On the influence of alkyl and carboxymethyl groups on the building performance of chelating-type polycarboxylic acids were studied. The following ether polycarboxylates were prepared by the reaction of the corresponding alcohols with ethyl diazoacetate or some other reagents, and their building performances were compared with those of sodium tripolyphosphate (STPP) and disodium oxydiacetate (ODA-Na) in a detergent system formulating alkylbenzenesulfonate (LAS) : Sodium t-butoxyacetic acid (TBA-Na), disodium 4, 5-dimethyl-3, 6-dioxaoctanedioate (BGDA-Na), disodium 4, 4-dimethyl-3, 6-dioxaoctanedioate (IBGDA-Na), disodium 4, 4, 5, 5-tetramethyl-3, 6-dioxaoctanedioate (PDA-Na), disodium 4, 5-diethyl-3, 6-dioxaoctanedioate (HGDA-Na), disodium 4, 8-dimethyl-3, 6, 9-trioxaundecanedioate (DPGDA-Na), disodium 4, 7-dimethyl-3, 6, 9-trioxaundecanedioate (IDPGDA-Na), disodium 3, 6, 9-trioxaundecanedioate (DEGDA-Na), disodium 5, 5-dimethyl-3, 7-dioxanonanedioate (NPGDA-Na), trisodium 4-methyl-5-carboxylatomethoxy-3, 7-dioxanonanedioate (MGTA-Na), tetrasodium 5, 6-bis (carboxy-latomethoxy) -3, 8-dioxadecanedioate (ETTeA-Na), tetrasodium 5, 5-bis (carboxylatomethoxymethyl) -3, 7-dioxanonanedioate (PETTeA-Na), and hexasodium 5, 6, 7, 8-tetrakis (carboxylatomethoxy) -3, 10-dioxadodecanedioate (SHA-Na). The detergency were tested on naturally soiled cotton patches and the detergency powers were evaluated by the Scheffe's method. From the results summarized in Fig.-1, it is evident that the ether polycarboxylates containing methyl groups show the building performance much superior to that of the corresponding ether carboxylates without methyl groups. The building performance of disodium 4, 4, 5, 5-tetramethyl-3, 6-dioxaoc-tanedioate (PDA-Na) was similar to that of STPP. On the building performance of the ether polycarboxylic acids methyl groups were most effective when the methyl groups were introduced to the carbon bonding carboxymethoxyl groups. The introduction of carboxymethoxyl groups to such places was also effective, but its effect was less than that of methyl group.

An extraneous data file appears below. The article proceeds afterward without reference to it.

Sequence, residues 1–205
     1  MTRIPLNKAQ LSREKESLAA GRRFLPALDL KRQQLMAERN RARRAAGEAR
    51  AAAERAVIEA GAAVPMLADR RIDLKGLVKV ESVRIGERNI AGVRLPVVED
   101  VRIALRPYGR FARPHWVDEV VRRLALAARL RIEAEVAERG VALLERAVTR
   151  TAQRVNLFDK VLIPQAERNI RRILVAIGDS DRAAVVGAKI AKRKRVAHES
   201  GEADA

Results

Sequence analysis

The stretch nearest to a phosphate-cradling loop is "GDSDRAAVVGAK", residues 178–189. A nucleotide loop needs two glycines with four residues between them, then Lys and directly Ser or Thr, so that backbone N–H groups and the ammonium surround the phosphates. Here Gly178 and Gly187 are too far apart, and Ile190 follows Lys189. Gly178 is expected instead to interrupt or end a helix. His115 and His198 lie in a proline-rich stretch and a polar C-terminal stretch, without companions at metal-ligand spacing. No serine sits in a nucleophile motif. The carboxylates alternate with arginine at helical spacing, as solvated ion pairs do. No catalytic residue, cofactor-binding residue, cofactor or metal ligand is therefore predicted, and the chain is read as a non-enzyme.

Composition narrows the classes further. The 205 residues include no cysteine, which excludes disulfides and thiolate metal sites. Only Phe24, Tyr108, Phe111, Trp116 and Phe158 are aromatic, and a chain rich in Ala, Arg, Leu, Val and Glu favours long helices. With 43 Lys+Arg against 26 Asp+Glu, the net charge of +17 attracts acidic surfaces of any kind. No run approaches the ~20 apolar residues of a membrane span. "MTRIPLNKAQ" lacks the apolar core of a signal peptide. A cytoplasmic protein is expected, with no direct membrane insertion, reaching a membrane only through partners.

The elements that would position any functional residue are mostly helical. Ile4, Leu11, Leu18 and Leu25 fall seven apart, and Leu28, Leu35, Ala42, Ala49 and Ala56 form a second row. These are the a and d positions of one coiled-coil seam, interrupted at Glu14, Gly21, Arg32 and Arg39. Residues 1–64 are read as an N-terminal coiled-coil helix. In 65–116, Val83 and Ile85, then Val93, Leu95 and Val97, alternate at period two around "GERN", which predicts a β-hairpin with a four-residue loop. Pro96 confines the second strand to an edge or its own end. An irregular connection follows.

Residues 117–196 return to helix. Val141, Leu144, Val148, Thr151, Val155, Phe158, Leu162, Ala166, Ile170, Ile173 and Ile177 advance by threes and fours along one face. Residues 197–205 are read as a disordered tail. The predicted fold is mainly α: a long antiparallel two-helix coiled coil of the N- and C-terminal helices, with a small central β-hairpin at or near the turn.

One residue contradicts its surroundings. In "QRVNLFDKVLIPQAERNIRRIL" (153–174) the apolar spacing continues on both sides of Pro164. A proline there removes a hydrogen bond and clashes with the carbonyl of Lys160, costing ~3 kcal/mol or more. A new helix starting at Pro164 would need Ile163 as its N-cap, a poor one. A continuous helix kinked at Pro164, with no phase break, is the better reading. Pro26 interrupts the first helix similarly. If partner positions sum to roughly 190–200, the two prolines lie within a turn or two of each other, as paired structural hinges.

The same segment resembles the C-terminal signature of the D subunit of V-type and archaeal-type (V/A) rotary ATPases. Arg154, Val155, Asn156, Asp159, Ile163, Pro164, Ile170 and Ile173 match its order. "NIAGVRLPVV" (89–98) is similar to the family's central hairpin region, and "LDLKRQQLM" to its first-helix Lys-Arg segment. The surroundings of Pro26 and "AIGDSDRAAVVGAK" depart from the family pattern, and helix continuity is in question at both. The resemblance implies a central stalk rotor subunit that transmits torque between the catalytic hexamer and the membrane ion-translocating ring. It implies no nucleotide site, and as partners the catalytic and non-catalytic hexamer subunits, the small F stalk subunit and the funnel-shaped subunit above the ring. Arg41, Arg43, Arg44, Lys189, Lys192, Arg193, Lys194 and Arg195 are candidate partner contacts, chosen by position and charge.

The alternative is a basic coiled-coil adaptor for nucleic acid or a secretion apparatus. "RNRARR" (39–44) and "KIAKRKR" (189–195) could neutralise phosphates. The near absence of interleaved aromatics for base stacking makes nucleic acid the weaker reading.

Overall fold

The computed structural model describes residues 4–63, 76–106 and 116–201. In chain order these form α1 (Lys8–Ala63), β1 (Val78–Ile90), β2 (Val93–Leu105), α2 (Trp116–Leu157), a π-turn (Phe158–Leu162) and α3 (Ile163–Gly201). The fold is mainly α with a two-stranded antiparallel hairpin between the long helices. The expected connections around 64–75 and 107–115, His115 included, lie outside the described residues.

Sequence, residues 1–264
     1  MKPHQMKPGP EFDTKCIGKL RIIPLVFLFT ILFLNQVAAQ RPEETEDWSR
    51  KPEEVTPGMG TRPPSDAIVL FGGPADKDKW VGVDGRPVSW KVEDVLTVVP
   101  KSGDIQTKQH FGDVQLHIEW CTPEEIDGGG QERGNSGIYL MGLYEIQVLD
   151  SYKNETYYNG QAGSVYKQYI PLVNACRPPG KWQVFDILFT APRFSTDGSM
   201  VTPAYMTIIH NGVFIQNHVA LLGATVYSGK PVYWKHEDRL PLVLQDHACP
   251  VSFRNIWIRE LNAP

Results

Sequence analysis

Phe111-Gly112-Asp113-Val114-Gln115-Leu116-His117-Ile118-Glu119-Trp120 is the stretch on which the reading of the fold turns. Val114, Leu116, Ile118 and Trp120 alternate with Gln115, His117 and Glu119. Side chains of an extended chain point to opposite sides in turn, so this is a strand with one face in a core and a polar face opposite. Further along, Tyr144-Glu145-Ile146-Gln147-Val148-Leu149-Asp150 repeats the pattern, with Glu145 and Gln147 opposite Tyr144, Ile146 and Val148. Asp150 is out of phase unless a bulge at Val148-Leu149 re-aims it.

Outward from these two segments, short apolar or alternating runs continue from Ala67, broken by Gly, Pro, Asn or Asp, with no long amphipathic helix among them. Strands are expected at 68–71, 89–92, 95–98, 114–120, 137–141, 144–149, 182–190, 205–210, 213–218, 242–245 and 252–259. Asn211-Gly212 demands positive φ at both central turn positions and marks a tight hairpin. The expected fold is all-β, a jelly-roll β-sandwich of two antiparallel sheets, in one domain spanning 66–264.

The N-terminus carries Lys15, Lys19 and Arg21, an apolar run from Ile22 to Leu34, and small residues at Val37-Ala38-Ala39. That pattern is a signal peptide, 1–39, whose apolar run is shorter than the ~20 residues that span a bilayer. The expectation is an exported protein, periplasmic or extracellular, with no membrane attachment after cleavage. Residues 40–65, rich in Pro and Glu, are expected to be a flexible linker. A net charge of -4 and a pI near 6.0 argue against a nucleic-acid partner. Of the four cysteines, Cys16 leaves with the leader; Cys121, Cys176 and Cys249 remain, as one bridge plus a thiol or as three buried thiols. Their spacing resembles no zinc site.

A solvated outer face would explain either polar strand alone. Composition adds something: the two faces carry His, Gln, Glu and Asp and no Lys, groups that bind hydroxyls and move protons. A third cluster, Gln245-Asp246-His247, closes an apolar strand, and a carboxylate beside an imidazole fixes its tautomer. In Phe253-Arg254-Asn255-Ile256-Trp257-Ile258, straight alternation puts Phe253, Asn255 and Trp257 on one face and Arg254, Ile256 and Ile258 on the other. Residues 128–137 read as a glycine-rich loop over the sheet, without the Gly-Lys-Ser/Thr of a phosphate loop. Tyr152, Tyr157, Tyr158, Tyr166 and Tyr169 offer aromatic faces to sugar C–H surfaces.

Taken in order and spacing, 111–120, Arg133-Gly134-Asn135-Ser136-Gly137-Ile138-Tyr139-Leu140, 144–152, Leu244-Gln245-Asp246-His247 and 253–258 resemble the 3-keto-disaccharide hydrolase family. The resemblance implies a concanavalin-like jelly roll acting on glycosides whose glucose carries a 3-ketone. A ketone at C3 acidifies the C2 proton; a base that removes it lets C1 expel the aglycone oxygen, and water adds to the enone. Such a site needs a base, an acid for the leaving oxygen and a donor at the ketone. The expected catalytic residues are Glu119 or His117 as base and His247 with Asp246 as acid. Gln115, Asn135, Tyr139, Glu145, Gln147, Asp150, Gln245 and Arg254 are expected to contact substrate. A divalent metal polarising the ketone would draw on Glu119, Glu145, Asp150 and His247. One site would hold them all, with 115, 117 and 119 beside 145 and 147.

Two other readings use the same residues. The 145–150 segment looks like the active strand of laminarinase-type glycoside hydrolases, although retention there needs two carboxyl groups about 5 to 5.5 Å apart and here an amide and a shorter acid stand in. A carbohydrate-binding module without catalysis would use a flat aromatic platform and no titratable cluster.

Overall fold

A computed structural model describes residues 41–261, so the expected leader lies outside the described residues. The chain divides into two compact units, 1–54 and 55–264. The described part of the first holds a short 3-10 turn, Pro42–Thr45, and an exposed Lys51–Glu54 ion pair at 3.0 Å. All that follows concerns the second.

The influence of the physico-chemical properties of the aqueous solution of a series of chelating-type polycarboxylates containing methyl groups or ethyl groups on detergencies have been studied, and compared with those of corresponding compounds without methyl or ethyl groups as well as STPP. The correlation between building performance and molecular structure has been discussed. The detergency were tested on naturally soiled cotton patches and the detergency powers were evaluated by Scheffe's method in a detergent system formulating alkylbensenesulfonate (LAS). Measurements were made on the surface tension, the critical micelle concentration, and the emulsifying capacity of the builder solution with DBS. The buffering and dispersing capacities for carbon black and manganese dioxide in the aqueous builder solution, and the chelate stability constants of the builders with alkaline earth metals were determined. From the results summarized in Fig, -2Fig.-4 and Table-2Table-3, it is evident that the introduction of methyl groups to ether polycarboxylates made their detergency powers and the dispersing capacities for manganese dioxide much superior to those of corresponding compounds without methyl group, but methyl groups did not affect the chelate stability considerably. And the washing performances of the builders were not correlated well with logKca values when they had the high stability values. The effects of the methyl groups to the detergency, dispersing capacity for manganese dioxide, and chelating power were largest, when the methyl groups were bound to the carbon binding the carboxymethoxyl groups. It seems that the ether polycarboxylate builders with logKca (logKca>3), show better washing performance when the appropriate substituents such as methyl groups are introduced to appropriate places in the compounds.